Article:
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In recent years, an increasing number of authors have written popular-level books on technology that address basic moral issues. But substantive works that consider "technology" itself-not just the devices in our pockets or the cell towers and electrical lines that connect and enliven them, but technology as the underpinning of our entire modern way of life and thinking about the world-are much more rare. Rarer still are works with the kind of deep, integrated thinking and theologically driven answers that Brian Brock offers in Christian Ethics in a Technological Age.

The book, which is adapted from Brock's doctoral thesis at St. John's College, is divided into two major parts. Part 1 traces the thinking of Martin Heidegger along with two of his interpreters, George Grant and Michel Foucault, as they make the case that "technology is not the things we make but the way we live" (p. 32). None of these philosophers would have claimed the mantle of "Christian," but Brock demonstrates that each offers keen insight into how the technological ideal has infiltrated and dominated the way in which humanity conceives of itself, going back to Newtonian science.

Brock's central claim is that we have unwittingly come to see every aspect of our lives-from food to families to sex to employment-in technological terms. Even more importantly, this technological way of being in the world is often in conflict with the biblical vision of humanity. He traces many of the problematic pathways uncovered by Heidegger, Grant, and Foucault by highlighting the dehumanizing effect of technological thinking. For example, Foucault's concept of "problematization" attempts to show how many modern "thought forms and practices make aspects of life appear as problems" (p. 105) that must be solved with tools and methods. This leads us to conceive of ourselves as technological beings whose highest ideal is efficiency. Brock uses each man's thought well, but he also occasionally pushes back. He critiques, for example, Foucoult's views as "overdetermined by his Enlightenment dialogue partners" (p. 130) and criticizes Heidegger for being an "earth-centered relativist" (p. 61). Brock closes the first half of the book with a case study on in vitro fertilization, carefully observing how we make ethical choices with technology and through technology.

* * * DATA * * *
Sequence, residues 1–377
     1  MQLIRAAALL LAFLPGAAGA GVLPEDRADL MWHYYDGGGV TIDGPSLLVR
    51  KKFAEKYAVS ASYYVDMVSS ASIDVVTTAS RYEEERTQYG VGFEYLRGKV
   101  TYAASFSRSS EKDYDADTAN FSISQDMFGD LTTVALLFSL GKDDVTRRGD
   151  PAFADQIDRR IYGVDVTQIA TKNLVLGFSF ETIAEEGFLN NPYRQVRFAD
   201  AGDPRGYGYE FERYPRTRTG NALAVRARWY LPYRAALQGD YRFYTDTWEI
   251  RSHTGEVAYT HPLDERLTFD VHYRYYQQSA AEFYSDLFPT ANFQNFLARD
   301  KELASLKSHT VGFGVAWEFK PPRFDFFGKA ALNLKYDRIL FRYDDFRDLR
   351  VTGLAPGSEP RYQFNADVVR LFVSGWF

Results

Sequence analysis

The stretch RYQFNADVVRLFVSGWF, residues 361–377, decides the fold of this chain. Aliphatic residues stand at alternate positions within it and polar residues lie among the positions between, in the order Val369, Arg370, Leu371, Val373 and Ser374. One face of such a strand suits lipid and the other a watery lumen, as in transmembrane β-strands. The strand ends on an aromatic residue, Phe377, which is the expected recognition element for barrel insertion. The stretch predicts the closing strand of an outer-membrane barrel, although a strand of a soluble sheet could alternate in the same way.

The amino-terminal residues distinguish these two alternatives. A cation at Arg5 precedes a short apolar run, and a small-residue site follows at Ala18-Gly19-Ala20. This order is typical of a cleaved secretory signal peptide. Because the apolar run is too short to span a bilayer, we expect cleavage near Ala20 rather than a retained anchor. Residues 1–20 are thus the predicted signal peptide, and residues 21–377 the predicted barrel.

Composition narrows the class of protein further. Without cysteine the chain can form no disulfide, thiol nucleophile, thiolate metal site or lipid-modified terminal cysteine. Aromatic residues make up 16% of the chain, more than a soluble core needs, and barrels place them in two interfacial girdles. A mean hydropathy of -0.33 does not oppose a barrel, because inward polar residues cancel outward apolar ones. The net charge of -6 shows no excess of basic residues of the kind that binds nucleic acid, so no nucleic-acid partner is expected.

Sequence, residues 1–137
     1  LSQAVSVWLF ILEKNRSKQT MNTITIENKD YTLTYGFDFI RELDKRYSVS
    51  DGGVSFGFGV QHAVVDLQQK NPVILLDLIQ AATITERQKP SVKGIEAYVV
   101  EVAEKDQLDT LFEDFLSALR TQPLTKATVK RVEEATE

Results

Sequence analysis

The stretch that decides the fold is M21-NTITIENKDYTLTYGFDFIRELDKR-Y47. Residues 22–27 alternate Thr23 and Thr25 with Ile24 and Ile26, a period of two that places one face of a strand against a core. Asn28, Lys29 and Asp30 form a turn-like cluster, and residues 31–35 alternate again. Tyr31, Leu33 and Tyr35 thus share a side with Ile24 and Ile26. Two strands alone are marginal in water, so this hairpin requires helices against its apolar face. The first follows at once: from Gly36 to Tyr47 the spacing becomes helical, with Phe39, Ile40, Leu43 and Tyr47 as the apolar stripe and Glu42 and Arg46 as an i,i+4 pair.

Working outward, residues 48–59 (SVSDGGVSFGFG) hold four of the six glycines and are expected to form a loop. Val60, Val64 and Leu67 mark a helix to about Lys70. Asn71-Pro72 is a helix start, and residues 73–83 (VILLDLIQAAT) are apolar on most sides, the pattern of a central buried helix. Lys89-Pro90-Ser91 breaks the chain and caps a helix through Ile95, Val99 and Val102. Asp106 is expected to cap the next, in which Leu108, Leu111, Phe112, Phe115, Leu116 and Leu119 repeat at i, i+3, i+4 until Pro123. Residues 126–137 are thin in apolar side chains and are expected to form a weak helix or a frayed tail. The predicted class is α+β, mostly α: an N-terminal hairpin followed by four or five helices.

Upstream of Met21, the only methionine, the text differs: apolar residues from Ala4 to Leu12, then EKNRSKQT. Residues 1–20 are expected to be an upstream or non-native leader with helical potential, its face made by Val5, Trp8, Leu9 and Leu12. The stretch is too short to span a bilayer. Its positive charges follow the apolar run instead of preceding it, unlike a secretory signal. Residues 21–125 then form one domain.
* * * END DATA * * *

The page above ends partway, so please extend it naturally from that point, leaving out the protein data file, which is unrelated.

In the second half of the book, Brock takes up the more difficult task of offering an alternative pattern of life that "allows us to relate to creation as creatures and not aspiring gods" (p. 26). He draws on the ideas of Dietrich Bonhoeffer, Augustine, Bernd Wannaenwetsch, Karl Barth, Wendell Berry, and others. Following Bonhoeffer, Brock argues that Christian ethics cannot begin merely with a set of principles, but with "hearing and responding to God" (p. 171) and that our ethic must "take the form of a resolve to pursue a specific action in specific circumstances" (p. 177). Brock does not construct a set of boundaries so we can ask, "How far is too far?" Instead, he wants our ethic to be centered upon a thoroughly christological account of life in the present.

He begins by arguing from Augustine's The City of God and from Barth that the importance of technology is less about the specific tools we make and use and more about the expression of our desires represented by such usages. This includes the desire to secure salvation apart from God. In subsequent chapters, Brock addresses patterns of life such as Sabbath, community, worship, work, and gifts contrasting their portrait in the Scriptures with technological assumptions about their meaning and value. Toward the end of the book, he offers some examples of how to think Christianly about modern technology, such as breeding poultry for disease resistance. Brock also returns to the case study of in vitro fertilization, showing how the theological orientation he offers changes the questions we might ask.

Brock's work is so massive in scope-both in the thinkers he covers (from Augustine to Barth) and the subjects he addresses (from spirituality to politics)-that, if there is a criticism to be offered, it might be that it is challenging to come away with concrete actions or methods for approaching future technological questions.

But perhaps this is simply because, under the influence of the technological ideal, I tend to view books as tools that offer answers, solutions, and tools for a life of questions, problems, and needs. If Brock is right, what I need is not more technique, but a more thoroughly christological eyepiece through which to question our technological world. Indeed Brock succeeds not only in arguing for the need of such a reorientation, but in showing what such an orientation looks like in a technological age.

John Dyer
Dallas Theological Seminary
Dallas, Texas, USA